The fact that the sorts of headline issues emphasised in the European Soya Declaration are receiving genuine political attention is a positive step. It provides an opportune moment to address deep-seated systemic problems in our current industrially-based food system; policy-makers must now be brave enough to seize it!

Note: are you a WU master student and interested in doing a thesis research on this issue, please contact joost.jongerden@wur.nl

Opportunity for Wageningen students: Study at Kyoto University

wp_20160526_12_28_46_proThe Rural Sociology Group and the Graduate School of Economics at Kyoto University have a close collaboration for several years. As a result, Wageningen University and Kyoto University have signed a student exchange agreement, and now in the process of strengthening our collaborative partnership through the Platform for Global Sustainability & Transcultural Studies (see http://agst.jgp.kyoto-u.ac.jp/). For students who are interested in studying at Kyoto University in the academic year 2017/2018 (from April 2017 to March wp_20160527_15_06_26_pro2018) for a period of approximately 4 months, or who are interested in doing their internship or master thesis research at Kyoto University, we have secured funding. If you are interested in studying in Kyoto, the centre of Japanese culture and scholarship please contact Joost Jongerden at the Rural Sociology Group.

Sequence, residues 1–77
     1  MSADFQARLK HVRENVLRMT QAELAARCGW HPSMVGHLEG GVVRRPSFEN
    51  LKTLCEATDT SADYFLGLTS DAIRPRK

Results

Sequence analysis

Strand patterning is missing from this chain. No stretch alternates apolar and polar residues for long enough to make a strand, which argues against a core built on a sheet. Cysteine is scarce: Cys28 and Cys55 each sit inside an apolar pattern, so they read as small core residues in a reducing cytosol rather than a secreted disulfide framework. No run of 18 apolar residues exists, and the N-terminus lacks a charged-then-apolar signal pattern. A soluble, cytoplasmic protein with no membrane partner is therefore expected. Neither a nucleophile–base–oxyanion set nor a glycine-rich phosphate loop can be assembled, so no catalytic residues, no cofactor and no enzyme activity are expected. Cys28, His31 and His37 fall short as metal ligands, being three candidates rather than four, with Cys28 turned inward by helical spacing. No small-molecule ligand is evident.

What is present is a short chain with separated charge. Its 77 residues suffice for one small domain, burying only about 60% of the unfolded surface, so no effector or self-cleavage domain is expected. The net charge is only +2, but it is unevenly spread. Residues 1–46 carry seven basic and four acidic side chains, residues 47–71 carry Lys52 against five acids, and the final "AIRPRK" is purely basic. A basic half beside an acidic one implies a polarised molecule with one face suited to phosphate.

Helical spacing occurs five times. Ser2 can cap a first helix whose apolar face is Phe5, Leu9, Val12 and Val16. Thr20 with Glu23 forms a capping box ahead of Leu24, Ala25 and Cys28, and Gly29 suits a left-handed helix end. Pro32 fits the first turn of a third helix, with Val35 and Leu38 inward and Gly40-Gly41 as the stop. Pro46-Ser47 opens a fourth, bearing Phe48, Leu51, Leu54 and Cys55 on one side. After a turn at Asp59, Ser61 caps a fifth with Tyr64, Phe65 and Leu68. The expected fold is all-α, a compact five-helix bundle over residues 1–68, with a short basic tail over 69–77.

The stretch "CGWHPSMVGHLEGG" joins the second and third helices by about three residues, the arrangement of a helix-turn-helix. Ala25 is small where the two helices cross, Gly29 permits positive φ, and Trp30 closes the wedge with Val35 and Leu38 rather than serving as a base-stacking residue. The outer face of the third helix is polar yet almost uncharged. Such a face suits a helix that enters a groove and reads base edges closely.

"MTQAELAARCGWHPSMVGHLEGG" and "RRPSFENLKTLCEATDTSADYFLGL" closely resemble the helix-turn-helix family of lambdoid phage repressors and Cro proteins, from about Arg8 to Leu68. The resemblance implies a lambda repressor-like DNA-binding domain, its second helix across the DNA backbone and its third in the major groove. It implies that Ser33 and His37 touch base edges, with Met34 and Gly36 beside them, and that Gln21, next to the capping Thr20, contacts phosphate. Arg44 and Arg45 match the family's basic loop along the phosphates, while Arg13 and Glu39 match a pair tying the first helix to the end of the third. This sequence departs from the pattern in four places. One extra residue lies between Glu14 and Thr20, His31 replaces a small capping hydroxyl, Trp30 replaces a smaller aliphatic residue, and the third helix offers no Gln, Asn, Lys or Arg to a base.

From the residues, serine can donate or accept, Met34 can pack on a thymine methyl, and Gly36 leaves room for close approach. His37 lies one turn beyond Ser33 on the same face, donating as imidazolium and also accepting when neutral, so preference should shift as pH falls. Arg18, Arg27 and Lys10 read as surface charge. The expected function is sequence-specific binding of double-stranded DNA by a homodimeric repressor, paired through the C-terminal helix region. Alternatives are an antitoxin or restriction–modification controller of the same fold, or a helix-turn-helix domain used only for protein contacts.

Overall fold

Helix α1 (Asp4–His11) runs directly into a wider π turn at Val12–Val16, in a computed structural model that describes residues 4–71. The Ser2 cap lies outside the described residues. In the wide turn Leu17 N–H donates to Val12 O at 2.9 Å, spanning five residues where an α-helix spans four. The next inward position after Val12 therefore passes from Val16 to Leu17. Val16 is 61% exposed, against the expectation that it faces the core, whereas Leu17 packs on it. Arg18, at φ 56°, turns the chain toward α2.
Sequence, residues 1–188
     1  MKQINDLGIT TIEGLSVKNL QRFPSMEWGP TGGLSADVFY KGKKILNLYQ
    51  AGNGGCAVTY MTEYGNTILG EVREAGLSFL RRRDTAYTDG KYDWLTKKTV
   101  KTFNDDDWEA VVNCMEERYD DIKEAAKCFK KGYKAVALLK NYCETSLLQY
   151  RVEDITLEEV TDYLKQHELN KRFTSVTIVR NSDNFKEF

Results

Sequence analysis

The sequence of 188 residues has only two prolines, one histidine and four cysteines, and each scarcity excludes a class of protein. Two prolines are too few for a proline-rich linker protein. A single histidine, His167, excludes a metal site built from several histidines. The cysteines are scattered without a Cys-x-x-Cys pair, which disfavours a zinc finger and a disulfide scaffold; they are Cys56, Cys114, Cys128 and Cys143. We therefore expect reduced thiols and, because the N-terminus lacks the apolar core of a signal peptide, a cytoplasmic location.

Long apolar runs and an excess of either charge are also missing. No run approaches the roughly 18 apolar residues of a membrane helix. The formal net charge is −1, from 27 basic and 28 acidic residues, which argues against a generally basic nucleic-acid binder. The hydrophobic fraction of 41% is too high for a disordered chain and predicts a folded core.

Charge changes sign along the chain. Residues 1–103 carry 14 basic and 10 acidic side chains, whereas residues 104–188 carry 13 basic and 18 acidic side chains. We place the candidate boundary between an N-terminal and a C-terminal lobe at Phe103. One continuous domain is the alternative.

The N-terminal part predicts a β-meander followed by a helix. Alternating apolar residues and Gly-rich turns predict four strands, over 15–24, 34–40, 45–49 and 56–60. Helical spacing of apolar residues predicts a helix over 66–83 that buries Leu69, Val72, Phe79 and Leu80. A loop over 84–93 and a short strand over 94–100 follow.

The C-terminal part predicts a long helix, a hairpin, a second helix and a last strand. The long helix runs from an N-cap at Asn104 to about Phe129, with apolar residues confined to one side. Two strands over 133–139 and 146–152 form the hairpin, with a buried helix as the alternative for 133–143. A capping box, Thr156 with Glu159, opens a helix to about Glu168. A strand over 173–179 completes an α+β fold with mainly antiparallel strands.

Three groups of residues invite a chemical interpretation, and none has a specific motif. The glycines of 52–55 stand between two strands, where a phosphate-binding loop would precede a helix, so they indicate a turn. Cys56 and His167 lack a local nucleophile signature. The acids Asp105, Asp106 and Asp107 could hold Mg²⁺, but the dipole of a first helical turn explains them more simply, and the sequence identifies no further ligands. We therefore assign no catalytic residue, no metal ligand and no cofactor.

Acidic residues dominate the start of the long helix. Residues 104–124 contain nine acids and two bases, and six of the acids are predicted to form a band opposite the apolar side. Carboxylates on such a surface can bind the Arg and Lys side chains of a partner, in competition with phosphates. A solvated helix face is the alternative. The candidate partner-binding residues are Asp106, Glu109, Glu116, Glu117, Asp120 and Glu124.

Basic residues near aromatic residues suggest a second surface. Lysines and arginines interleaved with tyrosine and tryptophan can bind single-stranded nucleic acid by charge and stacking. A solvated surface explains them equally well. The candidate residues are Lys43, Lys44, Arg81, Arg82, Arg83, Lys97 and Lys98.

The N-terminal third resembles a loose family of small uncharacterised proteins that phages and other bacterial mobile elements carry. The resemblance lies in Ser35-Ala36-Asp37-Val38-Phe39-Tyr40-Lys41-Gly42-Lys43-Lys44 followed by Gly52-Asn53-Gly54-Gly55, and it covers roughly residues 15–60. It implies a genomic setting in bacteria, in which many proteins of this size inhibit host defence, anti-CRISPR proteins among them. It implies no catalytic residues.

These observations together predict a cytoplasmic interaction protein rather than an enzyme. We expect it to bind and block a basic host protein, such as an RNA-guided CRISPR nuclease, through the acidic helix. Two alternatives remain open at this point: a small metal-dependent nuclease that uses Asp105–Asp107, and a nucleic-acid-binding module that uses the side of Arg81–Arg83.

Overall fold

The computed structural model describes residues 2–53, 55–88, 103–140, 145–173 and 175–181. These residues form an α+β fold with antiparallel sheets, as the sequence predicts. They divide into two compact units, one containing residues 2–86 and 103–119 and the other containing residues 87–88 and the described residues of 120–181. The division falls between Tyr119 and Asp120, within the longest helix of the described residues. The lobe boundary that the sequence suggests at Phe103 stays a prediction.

PhD course on place

Coming April and May we organize a PhD course called “the politics of place”. With James Ferguson, Hannah Wittman and Scott Prudham we will  explore and discuss a range of issues related to place and politics, such as place and new understandings of citizenship, social movements, capital & ecology and redistribution. The course will be a mixture of lectures, discussion and tutorials. For more info see:




Satoyama Stories: A Glimpse on the Movement for Regeneration of Matsutake Forests in Kyoto

The Rural Sociology Group and Kyoto University maintain a close collaboration. Flora Sonkin, a MSc student at RSO, participates in a summer school and participated in field work near Kyoto this month. In this posts she shares her experiences.


I arrived in Kyoto, Japan a few days ago as a visitor for the FEAST project at RIHN (Research Institute for Humanity and Nature), and to join the Kyoto University Graduate Seminar on Sustainability Studies.

Being in Japan in autumn has a special effect on one’s senses. Feeling awakened by the warm yellow and red colors that paint the mountainous landscape, and by the fresh smell of fallen leaves and pine trees. On the first day of my visit, Mai Kobayashi (my host at the RIHN) took me to a Satoyama nearby RIHN, were a community-led forest management project is trying to regenerate a red pine forest – and hopefully matsutake mushrooms along with it. Continue reading